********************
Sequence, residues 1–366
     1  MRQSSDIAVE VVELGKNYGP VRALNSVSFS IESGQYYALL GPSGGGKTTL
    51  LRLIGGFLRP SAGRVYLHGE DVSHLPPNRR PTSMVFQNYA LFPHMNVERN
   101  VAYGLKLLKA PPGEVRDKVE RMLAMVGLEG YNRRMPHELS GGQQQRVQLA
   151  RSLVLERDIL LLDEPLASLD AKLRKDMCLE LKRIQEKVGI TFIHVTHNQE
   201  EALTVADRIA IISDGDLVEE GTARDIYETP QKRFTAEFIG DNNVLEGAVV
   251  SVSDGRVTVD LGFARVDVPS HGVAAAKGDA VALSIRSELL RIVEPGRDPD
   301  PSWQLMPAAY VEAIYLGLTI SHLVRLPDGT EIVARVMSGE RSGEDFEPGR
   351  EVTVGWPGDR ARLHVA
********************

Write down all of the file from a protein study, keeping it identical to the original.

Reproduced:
Sequence, residues 1–366
     1  MRQSSDIAVE VVELGKNYGP VRALNSVSFS IESGQYYALL GPSGGGKTTL
    51  LRLIGGFLRP SAGRVYLHGE DVSHLPPNRR PTSMVFQNYA LFPHMNVERN
   101  VAYGLKLLKA PPGEVRDKVE RMLAMVGLEG YNRRMPHELS GGQQQRVQLA
   151  RSLVLERDIL LLDEPLASLD AKLRKDMCLE LKRIQEKVGI TFIHVTHNQE
   201  EALTVADRIA IISDGDLVEE GTARDIYETP QKRFTAEFIG DNNVLEGAVV
   251  SVSDGRVTVD LGFARVDVPS HGVAAAKGDA VALSIRSELL RIVEPGRDPD
   301  PSWQLMPAAY VEAIYLGLTI SHLVRLPDGT EIVARVMSGE RSGEDFEPGR
   351  EVTVGWPGDR ARLHVA